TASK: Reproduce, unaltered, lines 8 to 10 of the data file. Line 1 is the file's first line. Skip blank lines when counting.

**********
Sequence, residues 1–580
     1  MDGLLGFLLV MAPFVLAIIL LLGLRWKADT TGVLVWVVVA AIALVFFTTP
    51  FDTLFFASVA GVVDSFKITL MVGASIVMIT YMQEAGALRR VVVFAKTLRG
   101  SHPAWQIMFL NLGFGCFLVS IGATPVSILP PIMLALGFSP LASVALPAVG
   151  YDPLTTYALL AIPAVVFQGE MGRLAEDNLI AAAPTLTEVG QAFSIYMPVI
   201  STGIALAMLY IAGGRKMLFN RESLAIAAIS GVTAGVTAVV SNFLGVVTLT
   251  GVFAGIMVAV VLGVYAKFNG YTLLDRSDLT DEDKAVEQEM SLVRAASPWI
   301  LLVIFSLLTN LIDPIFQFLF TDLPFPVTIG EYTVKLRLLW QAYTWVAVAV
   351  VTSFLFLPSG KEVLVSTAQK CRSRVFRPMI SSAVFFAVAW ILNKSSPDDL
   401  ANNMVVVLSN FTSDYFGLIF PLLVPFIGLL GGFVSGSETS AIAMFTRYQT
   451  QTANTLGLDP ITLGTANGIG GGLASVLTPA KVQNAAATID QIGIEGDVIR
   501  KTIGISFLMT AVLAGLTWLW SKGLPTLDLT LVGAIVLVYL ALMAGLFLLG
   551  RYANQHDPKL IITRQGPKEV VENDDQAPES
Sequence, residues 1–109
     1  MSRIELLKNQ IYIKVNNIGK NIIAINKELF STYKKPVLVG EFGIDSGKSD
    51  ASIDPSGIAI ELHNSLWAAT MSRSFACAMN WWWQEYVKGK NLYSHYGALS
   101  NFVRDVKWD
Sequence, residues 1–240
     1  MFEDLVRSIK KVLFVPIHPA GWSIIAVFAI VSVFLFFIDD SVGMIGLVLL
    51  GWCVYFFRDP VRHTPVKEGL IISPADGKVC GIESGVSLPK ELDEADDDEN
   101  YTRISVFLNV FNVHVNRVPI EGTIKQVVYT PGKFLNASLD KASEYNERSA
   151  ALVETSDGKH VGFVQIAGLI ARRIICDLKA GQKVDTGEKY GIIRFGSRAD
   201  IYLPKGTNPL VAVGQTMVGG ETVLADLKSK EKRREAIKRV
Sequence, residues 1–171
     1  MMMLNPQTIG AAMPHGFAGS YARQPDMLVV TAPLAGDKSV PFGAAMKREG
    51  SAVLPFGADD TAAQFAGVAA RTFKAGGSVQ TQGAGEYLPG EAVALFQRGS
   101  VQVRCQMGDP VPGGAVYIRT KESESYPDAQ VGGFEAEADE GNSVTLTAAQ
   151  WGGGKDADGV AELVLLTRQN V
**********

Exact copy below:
   301  LLVIFSLLTN LIDPIFQFLF TDLPFPVTIG EYTVKLRLLW QAYTWVAVAV
   351  VTSFLFLPSG KEVLVSTAQK CRSRVFRPMI SSAVFFAVAW ILNKSSPDDL
   401  ANNMVVVLSN FTSDYFGLIF PLLVPFIGLL GGFVSGSETS AIAMFTRYQT